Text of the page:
LinkedIn is a social network that allows professionals to connect to each other, display recommendations by co-workers, and participate in discussions through interest groups. How can you create a professional profile that will attract the attention of recruiters and potential employers?
I attended a presentation by Gigi Simmons, a Human Resources Business Partner at EMPLOYERS®, a provider of workers compensation insurance to small businesses nationwide. Simmons, who has attended several LinkedIn conferences, was kind enough to share her insights with students and staff on the campus of the University of Nevada, Reno, on October 24, 2013 as part of a “30 Minutes to Success” series presented by the Northern Nevada Human Resources Association (NNHRA). Here are some of her tips:
Create your profile on www.linkedin.com. Your profile serves as a first impression and establishes your personal brand, which is your online workplace persona. Be sure to include a professional picture of you. It will increase the likelihood of contacts responding to your invitations to connect. Often times, you may meet potential employers at Career Fairs, but those employers speak to hundreds of people a day, so a photo of you on LinkedIn will help them recognize you (you may be required to enter their email address to send them an invite). To stand out, include a headline that describes what you are currently employed at or are trying to achieve. For example, Gigi’s headline is: “Partnering with You to Help Achieve Your Career Passion.”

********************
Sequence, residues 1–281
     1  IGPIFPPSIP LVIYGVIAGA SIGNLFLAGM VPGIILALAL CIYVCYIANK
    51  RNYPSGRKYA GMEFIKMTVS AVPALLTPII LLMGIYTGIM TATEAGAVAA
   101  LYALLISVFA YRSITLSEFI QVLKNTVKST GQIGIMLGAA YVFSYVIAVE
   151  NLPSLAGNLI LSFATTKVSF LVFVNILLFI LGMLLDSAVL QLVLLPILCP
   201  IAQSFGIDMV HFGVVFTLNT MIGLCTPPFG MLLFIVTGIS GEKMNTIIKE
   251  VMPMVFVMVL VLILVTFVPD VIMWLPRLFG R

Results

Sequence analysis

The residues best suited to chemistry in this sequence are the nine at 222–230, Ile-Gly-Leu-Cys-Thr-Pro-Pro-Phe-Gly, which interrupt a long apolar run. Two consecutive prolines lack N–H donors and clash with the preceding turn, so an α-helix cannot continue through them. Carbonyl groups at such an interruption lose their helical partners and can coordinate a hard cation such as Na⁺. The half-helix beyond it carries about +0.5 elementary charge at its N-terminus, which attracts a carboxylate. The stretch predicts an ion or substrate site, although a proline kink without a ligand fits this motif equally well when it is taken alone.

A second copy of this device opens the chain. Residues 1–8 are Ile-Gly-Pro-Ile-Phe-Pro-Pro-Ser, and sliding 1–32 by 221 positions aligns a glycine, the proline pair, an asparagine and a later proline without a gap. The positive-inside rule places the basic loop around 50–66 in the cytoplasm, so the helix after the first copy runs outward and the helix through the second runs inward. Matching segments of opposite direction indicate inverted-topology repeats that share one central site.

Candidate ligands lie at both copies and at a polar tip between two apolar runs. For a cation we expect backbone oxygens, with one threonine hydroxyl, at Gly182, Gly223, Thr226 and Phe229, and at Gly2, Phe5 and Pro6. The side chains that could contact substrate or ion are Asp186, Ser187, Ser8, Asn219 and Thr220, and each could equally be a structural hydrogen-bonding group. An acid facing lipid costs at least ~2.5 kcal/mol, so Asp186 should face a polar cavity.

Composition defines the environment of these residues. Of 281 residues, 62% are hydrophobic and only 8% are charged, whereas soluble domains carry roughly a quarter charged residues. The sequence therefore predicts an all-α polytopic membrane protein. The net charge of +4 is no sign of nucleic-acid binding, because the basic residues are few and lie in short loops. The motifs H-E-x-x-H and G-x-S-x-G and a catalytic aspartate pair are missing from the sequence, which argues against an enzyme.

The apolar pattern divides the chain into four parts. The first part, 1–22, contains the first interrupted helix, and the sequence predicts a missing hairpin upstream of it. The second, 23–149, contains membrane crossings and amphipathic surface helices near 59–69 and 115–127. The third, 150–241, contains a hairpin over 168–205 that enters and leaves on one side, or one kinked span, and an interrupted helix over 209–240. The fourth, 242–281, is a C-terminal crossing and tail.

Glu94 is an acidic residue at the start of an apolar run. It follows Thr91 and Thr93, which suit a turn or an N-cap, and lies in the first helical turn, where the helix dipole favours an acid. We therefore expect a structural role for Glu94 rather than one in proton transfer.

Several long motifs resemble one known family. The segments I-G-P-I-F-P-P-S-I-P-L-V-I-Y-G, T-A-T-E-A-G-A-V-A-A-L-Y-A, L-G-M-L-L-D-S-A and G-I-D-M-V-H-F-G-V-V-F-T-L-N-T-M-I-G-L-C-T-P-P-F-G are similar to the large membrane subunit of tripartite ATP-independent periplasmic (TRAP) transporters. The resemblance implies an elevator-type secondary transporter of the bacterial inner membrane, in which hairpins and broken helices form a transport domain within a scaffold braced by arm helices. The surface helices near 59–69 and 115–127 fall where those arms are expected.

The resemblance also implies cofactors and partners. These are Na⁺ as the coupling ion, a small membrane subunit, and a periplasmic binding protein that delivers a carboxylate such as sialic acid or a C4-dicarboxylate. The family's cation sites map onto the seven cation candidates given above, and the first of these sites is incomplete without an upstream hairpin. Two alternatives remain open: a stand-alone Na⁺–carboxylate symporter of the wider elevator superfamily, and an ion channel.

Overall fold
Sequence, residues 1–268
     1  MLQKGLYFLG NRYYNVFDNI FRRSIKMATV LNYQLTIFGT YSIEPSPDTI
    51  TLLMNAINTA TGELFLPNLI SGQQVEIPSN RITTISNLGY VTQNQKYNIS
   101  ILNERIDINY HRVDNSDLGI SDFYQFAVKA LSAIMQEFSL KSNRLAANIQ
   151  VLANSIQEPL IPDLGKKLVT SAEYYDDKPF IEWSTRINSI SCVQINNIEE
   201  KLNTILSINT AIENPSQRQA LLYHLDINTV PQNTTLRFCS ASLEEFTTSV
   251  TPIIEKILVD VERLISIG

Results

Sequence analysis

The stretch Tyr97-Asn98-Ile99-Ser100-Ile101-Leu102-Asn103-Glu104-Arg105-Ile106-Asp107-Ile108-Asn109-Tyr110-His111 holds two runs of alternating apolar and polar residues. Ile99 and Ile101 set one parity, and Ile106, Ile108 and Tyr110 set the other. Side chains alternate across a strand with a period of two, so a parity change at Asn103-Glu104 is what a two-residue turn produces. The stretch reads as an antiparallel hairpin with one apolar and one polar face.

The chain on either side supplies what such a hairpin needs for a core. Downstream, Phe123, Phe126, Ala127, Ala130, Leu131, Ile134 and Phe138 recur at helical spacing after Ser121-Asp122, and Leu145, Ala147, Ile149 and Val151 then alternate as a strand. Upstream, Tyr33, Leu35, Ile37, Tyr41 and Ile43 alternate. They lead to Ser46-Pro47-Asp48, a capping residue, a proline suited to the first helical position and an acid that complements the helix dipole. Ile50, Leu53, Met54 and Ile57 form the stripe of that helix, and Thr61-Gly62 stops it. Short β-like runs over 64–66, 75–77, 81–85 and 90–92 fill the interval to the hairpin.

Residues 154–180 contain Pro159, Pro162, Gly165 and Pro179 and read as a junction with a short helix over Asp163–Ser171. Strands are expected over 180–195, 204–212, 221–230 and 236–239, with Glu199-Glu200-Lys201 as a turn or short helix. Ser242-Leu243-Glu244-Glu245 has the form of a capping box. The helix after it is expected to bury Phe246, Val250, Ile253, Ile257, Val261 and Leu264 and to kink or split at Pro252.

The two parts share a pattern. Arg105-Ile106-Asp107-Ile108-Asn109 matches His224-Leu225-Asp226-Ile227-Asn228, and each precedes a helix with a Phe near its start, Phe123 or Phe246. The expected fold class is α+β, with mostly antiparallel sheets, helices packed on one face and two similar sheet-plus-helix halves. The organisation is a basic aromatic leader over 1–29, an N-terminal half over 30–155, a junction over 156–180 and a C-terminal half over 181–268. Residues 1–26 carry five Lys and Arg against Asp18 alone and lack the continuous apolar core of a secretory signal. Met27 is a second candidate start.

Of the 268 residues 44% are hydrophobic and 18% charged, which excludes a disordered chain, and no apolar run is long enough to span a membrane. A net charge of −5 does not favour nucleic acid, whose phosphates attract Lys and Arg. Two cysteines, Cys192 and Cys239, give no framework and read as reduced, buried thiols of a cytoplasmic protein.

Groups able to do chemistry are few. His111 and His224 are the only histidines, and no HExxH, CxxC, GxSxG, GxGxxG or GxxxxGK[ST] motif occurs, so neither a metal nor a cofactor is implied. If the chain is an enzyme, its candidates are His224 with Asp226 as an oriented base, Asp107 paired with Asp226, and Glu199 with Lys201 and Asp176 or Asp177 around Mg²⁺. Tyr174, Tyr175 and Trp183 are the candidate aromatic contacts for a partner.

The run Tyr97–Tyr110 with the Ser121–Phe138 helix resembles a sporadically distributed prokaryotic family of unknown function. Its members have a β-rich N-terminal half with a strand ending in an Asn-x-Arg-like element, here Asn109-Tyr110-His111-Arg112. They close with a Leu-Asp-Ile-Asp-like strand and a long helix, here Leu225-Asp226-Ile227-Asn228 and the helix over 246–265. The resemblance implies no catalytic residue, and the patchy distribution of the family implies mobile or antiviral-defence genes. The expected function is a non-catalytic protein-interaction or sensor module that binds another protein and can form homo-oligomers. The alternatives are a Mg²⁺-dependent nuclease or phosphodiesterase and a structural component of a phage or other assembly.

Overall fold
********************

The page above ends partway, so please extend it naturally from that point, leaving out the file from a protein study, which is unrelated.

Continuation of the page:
Stay active. Once you create your profile, post articles of interest and comment on others’ activities. For example, if you attend a lecture, post how much you enjoyed the presentation as an update on your own profile or comment on the presenter’s post. Recruiters use LinkedIn to search for potential job candidates and will notice if your profile has been dormant. Find an interest group and contribute to discussion threads. Remember, keep your comments professional. Don’t post anything you wouldn’t want a recruiter or potential employer to see. Pressed for time? Schedule 10 minutes a week to keep your activity fresh.
Highlight your story. When you list your experiences, remember that your LinkedIn profile acts like an elevator pitch. Recruiters will only spend a few minutes looking at your profile, so make your achievements stand out. Your LinkedIn profile is like your digital resume. If you are also uploading a hard-copy of your resume, take out your address, because potential employers will contact you by email or by phone.
Follow companies you might be interested in working for. Recruiters can see which companies you are following, and if they already know you through an interest group, they may spend more time reviewing your profile.
Know the difference between endorsements and recommendations. Anyone who is connected to you can endorse that you know a certain skill, but written recommendations by former employers or co-workers can be even more helpful.
Do you have a LinkedIn success story to share? Feel free to contribute to the discussion by commenting below. To request a full copy of my notes from Gigi’s lecture, please go to www.WritingandEditingToday.com/contact.
Have fun connecting on LinkedIn!
Gina Akao is the owner of Writing and Editing Today, and provides social media management and builds WordPress websites and blogs for authors and small business owners. To learn more about her products and services, please visit www.WritingandEditingToday.com.